Art is not what you see, but what you make others see.

-Edgar Degas

Welcome to part 5 (aka the final part) of our ongoing series where we explore the timeline of public art’s history throughout the world! This particular article will be about the forms of public art that are prevalent today throughout the world. 

Modern Public Art Throughout the World

Land Art

Land Art, arguably the most innovative type of twentieth-century public art, is highlighted by gigantic earthworks such as Robert Smithson’s Spiral Jetty in Utah (1970) and Christo and Jeanne-encirclement Claude’s of eleven Florida islands in pink cloth (1983). (b.1935).


Skyscraper Architecture, characterized by ever-larger buildings, has dominated 20th-century architectural architecture, arguably the most open and accessible sort of public art.


Abstract Graffitti Concept

This term, derived from the Italian word graffito, which means “to scratch,” refers to illegal “street art” sprayed or painted on buildings in public metropolitan areas by independent “street painters.” Keith Haring (1958-90), Jean-Michel Basquiat (1960-88), Banksy (b.1973-4) and David Wojnarowicz (1954-92) are probably the four most famous street painters, all of whom have achieved mainstream commercial success. Graffiti street art is a new contemporary art style that encompasses territorial graffiti, aggressive guerrilla art (now referred to as “post-graffiti art”), and stencil graffiti.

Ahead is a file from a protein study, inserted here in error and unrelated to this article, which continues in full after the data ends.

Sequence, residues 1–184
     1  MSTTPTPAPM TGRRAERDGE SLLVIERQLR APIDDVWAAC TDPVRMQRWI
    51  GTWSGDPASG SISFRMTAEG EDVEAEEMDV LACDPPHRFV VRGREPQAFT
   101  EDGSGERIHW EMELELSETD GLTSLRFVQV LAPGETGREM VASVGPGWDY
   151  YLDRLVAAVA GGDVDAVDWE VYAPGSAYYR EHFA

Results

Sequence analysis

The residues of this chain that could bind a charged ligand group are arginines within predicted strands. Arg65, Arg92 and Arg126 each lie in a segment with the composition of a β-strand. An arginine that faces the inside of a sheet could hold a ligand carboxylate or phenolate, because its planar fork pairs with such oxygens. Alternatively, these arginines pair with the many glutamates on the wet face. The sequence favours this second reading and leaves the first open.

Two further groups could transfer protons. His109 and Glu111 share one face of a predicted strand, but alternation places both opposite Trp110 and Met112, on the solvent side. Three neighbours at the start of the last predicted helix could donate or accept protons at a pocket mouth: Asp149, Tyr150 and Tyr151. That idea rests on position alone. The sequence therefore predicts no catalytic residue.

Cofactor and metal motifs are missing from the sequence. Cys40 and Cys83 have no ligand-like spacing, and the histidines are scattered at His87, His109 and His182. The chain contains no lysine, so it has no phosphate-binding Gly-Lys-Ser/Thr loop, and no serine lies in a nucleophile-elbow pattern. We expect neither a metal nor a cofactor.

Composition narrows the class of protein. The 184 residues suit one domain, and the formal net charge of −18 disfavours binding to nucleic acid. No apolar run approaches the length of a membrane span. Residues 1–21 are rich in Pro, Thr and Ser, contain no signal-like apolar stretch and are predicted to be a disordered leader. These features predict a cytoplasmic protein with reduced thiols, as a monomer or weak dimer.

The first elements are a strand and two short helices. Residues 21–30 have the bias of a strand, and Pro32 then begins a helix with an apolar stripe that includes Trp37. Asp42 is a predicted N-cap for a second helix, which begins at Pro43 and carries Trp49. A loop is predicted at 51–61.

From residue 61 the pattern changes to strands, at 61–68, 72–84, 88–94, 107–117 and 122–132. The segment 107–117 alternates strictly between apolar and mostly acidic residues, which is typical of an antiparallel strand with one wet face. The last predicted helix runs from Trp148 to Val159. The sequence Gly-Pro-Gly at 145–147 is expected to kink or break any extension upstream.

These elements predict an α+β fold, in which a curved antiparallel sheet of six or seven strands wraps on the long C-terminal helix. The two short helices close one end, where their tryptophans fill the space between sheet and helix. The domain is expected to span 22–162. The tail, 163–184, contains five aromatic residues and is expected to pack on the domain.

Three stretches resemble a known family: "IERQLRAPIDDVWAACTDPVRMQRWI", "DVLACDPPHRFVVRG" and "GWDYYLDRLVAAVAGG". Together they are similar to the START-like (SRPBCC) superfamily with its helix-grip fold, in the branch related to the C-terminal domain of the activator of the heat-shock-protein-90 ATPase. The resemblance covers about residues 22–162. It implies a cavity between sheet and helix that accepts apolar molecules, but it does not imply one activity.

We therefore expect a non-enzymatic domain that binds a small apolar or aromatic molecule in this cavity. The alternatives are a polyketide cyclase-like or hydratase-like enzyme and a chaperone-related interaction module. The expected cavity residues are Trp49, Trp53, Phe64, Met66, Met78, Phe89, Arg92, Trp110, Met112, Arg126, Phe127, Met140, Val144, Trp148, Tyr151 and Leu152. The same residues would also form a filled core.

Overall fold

In contrast, the phrase “street art” includes classic graffiti imagery as well as wheat-pasting, sticker/street poster art, video projection, and street installations. It is frequently used to distinguish contemporary public-space artwork from territorial or guerrilla graffiti, as well as visual vandalism. 

Technically, neither of these types of (subjectively) freelancing pieces of “artwork” fall under the umbrella of government-sponsored Public Art. 


The Famous Chicago Picasso— Chicago, IL, USA

Recent public art has also included traditional works such as commemorative sculpture, architectural sculpture (e.g., Ian Ritchie’s Spire of Dublin known as ‘the spike’), pure sculpture (e.g., the Chicago Picasso), and murals (e.g., the United Nations building’s tapestry copy of Pablo Picasso’s oil painting Guernica [1937]).

The ‘Chicago Picasso,’ an untitled gigantic sculpture by the Spanish maestro Pablo Picasso (1881-1973), is one of the city’s most iconic works of art. This well-known monument, located at Daley Plaza in the Chicago Loop and dedicated on August 15, 1967, stands 50 feet tall, weighs 162 tons, and had cost $351,959.17 to install. (Picasso personally waived all fees.) 

Public Art in Today’s World

The Spider, sculpture of Louise Bourgeois in the Guggenheim Museum — Bilbao, Spain

Famous contemporary public art practitioners include the following artists (works): Louise Bourgeois (Maman, 1999, Guggenheim Museum Bilbao); Jean Tinguely (Stravinsky Fountain, 1983, Pompidou Centre forecourt); Bruce Nauman (Green Light Corridor, 1970, Samuel R Guggenheim Museum NY); Richard Serra (Tilted Arc, 1981, Federal Plaza, New (Cloud Gate, 2004, Millennium Park, Chicago).


The Louvre Museum — Paris, France

Museums house vast collections of prehistoric art, paintings, sculptures, prints, and other works on paper, pottery, mosaics, glass art, metalwork, tapestries, illuminated manuscripts, and calligraphy, as well as contemporary forms such as Assemblage, Installation, and Video art. The Uffizi Gallery in Florence, the Hermitage Museum in St. Petersburg, the Louvre Museum in Paris, the Prado in Madrid, and the Pinakothek Museum Complex in Berlin are among the best art institutions with the most extensive collections open to the public.